I Remember York (2013)

GratefulWhippet

I remember the Writers’ Workshop Festival of Writing 2013.

I remember it was Friday the 13th.

I remember the quiet carriage.

I remember people crowding on to the train before most of us had got off.

I remember sun, and rain, and going back for an umbrella.

I remember bunting, and a loving balloon. Well, I think it was a balloon.

I remember little chunks of coffee cake. I had one with Saturday’s lunch, but two on Sunday.

I remember using Windows again. It looked different, and improved. I actually felt a little bit jealous.

I remember losing my voice.

I remember a very kind glass of water.

I remember a very nice glass of champagne.

I remember my English teacher Mrs Blakemore used to mark us down if we used the word ‘nice’ in a sentence. Yes, we have to be concrete and specific in our word choices, but sometimes an often-used word is just right.

I remember Harry (in sunglasses), and Beth and Tom (not in sunglasses). Ah!

I remember being called a recovering publisher.

I remember channelling my inner Sharon Osbourne. ‘You go, girl!’ (I wish I’d had the balls actually to say that.)

I remember, the next morning, discovering I’d left the label on the sleeve of my new jacket as I sat on a stage in front of hundreds of people. And they were writers, so they could read, and what they could read was Marks and Spencer Sartorial. (And who knew I’d end up in Marks and Spencer Blue Harbour so soon.)

I remember not remembering if I’d worn these boxer shorts before :/ Sniff, sniff.

I remember my opinion of literary agents rising.

I remember saying that ‘Opinion is the death of thinking’ is a very elegant sentence, illustrating, for any number of good reasons, how to balance noun and verb forms in your writing.

I remember saying how ‘Opinion is the death of thinking’ is an important sentiment for a divided world.

I remember being very opinionated.

I remember saying The Slap is a book that must be read; you must overcome your prejudices against its (apparent) prejudices, because the prejudices are critiquing prejudice, not prejudices in themselves. And if you can’t see that, maybe you should stick to reading the Farrow & Ball colour chart.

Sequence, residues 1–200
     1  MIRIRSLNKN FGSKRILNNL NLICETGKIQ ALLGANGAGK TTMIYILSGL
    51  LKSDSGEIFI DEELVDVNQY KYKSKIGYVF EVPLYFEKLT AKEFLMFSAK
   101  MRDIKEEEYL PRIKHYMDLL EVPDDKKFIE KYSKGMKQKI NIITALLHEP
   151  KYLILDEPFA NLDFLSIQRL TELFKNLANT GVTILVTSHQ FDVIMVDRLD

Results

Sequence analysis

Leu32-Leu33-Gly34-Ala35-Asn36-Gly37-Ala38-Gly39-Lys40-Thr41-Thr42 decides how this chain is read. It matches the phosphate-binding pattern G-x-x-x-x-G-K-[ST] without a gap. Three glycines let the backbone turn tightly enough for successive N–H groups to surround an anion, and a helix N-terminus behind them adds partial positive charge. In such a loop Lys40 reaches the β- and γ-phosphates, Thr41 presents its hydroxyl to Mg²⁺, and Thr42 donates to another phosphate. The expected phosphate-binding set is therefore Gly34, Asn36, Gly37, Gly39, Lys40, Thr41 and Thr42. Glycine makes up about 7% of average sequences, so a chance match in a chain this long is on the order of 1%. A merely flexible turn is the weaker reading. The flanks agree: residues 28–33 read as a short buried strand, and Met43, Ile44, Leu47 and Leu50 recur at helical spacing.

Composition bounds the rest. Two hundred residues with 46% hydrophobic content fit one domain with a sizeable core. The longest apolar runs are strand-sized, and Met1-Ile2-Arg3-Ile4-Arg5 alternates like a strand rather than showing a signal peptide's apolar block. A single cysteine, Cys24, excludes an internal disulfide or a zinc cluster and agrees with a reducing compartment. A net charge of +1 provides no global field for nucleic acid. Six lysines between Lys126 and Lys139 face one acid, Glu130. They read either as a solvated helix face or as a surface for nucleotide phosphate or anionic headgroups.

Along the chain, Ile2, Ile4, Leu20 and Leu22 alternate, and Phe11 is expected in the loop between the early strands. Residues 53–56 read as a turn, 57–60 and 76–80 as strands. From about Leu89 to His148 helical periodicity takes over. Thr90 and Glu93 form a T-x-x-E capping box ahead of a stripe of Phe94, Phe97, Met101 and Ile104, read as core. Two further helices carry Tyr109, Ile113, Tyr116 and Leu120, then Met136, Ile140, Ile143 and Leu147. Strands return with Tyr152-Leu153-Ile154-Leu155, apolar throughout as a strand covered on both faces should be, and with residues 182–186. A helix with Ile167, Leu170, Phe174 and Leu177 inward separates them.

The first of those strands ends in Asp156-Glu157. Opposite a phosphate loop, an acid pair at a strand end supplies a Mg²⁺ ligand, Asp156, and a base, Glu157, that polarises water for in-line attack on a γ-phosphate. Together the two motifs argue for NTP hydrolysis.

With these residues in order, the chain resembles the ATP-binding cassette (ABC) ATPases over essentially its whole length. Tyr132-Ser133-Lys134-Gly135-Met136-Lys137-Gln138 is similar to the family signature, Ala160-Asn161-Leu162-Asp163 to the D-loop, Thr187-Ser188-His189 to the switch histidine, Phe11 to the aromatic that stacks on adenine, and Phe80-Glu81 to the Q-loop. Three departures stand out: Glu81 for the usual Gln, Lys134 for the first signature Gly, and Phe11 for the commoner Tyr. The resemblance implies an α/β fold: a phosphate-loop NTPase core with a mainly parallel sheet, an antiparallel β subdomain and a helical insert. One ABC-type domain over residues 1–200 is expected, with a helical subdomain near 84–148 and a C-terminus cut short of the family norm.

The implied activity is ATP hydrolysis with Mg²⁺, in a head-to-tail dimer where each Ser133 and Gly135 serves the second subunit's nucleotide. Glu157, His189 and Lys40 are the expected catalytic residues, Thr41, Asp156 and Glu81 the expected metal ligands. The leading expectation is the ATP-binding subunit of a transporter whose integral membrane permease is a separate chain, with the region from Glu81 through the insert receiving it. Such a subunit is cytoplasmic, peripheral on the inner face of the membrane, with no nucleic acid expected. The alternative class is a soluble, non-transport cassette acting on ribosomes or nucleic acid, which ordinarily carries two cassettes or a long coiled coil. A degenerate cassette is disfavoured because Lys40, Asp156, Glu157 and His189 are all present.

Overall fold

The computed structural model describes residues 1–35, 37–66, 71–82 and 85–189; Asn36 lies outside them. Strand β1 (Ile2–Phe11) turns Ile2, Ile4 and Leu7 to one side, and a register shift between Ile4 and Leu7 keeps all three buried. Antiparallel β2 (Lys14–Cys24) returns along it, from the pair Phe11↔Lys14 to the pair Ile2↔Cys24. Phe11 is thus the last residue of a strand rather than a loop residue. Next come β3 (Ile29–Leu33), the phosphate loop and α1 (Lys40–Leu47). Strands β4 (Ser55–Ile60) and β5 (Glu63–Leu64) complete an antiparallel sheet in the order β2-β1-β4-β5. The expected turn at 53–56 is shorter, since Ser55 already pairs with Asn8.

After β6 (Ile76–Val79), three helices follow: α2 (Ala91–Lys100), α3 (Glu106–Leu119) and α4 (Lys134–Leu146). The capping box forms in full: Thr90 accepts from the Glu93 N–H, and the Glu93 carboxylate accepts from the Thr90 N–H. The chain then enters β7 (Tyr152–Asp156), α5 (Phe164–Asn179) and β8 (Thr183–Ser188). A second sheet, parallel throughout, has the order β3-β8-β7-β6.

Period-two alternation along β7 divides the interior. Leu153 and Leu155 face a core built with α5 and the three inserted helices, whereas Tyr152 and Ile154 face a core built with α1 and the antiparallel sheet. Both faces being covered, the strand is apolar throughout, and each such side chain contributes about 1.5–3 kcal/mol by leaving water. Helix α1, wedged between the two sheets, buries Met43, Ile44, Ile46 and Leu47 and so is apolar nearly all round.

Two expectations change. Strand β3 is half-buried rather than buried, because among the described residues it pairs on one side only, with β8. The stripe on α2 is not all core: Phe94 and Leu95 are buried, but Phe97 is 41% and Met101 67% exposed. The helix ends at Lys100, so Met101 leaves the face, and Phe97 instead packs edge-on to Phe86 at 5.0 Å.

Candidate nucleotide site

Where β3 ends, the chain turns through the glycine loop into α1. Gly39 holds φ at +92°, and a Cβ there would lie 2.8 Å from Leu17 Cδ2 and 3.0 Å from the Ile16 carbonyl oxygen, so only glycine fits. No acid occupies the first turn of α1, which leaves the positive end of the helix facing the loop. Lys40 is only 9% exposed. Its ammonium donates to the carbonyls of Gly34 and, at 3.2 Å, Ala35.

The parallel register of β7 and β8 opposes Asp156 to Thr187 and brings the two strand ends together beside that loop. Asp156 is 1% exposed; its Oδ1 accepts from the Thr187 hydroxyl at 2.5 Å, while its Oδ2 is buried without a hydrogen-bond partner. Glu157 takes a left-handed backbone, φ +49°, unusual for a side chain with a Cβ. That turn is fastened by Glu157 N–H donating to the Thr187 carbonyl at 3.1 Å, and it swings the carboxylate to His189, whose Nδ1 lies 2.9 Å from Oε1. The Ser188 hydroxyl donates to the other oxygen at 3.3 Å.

I remember telling any number of writers it might be best not to open their novels with that cliché of someone waking (especially from a dream).

I then remember remembering that The Slap opens with someone waking up. But at least its very first page has a fart under the sheets and some very spicy language.

I remember realising I was ranting when I was rattling on about the deficiencies of the learning and teaching of writing in British schools and universities. Oops!

I remember thinking that sometimes people’s written stories only really come to life when they are talking about them (and by that I mean talking conversationally, not delivering some worried-about pitch).

I remember repeating that mantra that you should trust your natural speaking voice. Sometimes those sentences that you speak aloud are the ones that need to go down on the page. ‘I used to work in Jarrow, and my office looked down on the street where Catherine Cookson used to live.’

I remember telling people to write I remembers.

I remember widely recommending Steering the Craft by Ursula Le Guin and Sin and Syntax by Constance Hale.

I remember telling people that their writing is an act of giving to a reader. When do you give, when do you hold back?

I remember needing extra chairs and handouts.

I remember not having time to get to the tightening and brightening exercise. One to finish at home. (No Right Answers, just variations on a theme.)

I remember knowing I must have been snoring, and hoping my neighbours never noticed. Halls of residences have very thin walls.

I remember thinking that York University students must be very thin, because their showerheads are very close to the walls (like, two inches away).

I remember porridge, and prunes.

I remember a robot, mothers, teachers, detectives, an engineer, a creepy neighbour, and an abbot who bangs his fist on the table.